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Global thinking is key to future, Annan says

Former U.N. Secretary-General Kofi Annan exhorted University at Buffalo students Wednesday night to "think globally."

"You cannot afford to think locally, given the world we live in," Annan said. "Your decisions can have an impact, good or bad, on people across the planet."

Annan, who headed the United Nations from 1997 to 2006 and earned a Nobel Peace Prize, opened the 2009-10 Distinguished Speakers Series at UB's Alumni Arena.

The Ghanian-born Annan, 71, shared with the students five principles that he said are essential for the future of international relations, likening them to lessons he learned as secretary-general.

What those principles encompass, Annan said, is collective responsibility. "We are all responsible for each other's security," he said.

They also include ensuring that everyone has the chance to benefit from global prosperity, and he noted that both security and prosperity depend on an adherence to the principles of human rights and the rule of law.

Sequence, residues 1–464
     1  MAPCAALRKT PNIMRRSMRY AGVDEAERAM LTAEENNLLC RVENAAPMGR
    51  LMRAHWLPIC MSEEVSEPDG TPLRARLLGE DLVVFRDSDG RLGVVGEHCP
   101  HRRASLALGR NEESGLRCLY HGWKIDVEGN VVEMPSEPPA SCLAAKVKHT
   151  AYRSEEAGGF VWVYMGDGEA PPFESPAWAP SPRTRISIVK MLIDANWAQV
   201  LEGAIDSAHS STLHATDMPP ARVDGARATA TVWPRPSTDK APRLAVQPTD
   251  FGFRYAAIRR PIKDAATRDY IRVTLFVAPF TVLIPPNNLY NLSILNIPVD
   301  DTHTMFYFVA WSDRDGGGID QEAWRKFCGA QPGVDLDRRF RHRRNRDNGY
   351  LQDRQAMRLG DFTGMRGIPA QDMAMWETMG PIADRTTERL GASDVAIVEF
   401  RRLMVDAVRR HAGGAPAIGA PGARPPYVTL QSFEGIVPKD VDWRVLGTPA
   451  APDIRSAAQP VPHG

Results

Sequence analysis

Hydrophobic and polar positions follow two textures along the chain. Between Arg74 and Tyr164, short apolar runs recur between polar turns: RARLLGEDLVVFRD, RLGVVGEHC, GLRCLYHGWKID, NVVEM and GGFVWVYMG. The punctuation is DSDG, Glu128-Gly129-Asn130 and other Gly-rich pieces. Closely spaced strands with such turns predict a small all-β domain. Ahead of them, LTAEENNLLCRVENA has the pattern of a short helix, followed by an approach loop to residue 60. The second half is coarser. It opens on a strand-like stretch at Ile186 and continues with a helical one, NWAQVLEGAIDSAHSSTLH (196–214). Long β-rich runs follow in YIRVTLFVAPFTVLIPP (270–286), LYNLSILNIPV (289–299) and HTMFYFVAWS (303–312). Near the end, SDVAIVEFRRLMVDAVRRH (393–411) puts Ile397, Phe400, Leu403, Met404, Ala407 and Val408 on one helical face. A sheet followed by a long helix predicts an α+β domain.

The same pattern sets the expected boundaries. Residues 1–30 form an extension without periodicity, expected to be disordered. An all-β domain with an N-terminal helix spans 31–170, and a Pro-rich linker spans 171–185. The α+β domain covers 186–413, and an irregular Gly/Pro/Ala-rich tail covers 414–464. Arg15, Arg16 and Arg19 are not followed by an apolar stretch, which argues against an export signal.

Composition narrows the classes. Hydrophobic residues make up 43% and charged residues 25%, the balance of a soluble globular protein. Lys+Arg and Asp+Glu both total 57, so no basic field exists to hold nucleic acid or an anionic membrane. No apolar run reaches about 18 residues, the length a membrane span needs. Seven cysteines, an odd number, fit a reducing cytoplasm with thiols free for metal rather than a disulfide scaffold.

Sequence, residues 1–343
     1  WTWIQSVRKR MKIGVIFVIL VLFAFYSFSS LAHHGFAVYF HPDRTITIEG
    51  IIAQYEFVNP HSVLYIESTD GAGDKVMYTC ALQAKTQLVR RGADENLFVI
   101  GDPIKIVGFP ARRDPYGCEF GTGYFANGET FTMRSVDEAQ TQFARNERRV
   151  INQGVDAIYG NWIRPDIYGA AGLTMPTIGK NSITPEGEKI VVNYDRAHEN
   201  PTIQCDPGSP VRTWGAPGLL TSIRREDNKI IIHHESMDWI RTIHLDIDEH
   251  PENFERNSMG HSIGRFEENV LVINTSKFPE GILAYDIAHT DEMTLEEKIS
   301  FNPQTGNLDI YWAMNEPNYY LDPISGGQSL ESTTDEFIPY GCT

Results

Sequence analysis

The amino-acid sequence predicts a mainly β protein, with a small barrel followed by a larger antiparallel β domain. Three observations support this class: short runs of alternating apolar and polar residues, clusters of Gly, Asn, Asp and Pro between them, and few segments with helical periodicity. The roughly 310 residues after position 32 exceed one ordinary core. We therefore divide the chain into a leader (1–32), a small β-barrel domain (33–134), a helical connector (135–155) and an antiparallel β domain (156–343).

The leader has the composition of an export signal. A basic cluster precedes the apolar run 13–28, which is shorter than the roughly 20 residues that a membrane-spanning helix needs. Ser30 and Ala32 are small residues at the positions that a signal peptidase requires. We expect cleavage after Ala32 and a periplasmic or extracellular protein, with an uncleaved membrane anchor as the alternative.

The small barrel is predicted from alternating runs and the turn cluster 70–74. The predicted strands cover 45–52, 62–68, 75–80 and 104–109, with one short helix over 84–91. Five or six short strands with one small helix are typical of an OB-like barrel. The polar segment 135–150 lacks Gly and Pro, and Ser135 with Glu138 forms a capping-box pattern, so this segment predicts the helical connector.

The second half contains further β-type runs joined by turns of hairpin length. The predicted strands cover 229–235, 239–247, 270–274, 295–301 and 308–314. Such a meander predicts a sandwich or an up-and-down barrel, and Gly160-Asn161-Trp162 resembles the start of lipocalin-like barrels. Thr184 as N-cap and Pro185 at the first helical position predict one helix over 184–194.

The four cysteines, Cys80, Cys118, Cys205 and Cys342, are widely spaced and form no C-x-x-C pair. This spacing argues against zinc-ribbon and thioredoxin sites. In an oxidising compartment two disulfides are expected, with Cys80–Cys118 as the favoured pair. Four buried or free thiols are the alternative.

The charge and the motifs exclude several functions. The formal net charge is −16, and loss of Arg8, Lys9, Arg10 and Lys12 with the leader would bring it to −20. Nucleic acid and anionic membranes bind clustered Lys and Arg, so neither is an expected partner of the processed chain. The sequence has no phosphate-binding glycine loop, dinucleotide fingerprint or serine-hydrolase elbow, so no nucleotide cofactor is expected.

"No state can make its own actions legitimate in the eyes of others," he said. "When power, especially military force, is used, the world will consider it legitimate only when convinced that it is being used for the right purpose."

He added that nations also must be accountable to one another, as well as to a broad range of what he called nonstate actors. Their role, he said, is to provide a sort of conscience for governments to ensure that they adhere to international or universal codes of conduct.

"The U.S. has given the world an example of a democracy in which everyone, including the most powerful, is subject to legal restraint," he said. As such, he added, America is afforded a unique "opportunity to entrench the same principles at the global level."

Annan's fifth principle is what he called multilateralism, which he said is best achieved through the United Nations that was handed down to us by President Harry Truman and his contemporaries. Annan said he continues to advocate Security Council reform.

"The U.N. Security Council still reflects the geopolitical realities of 1945 and not today's world," he said.

Annan and the United Nations received the Nobel Peace Prize in 2001.

Wednesday, he recalled that it was 50 years ago when he first traveled from Africa to attend Macalester College in Minnesota. Annan said he was unprepared for the cold and at first refused to wear earmuffs -- because they looked undignified -- until he experienced firsthand the frigid Minnesota winters.

"Eventually, I bought the biggest pair I could find," Annan said. "It was a lesson for me that you don't walk into an environment and pretend to know better than the natives."


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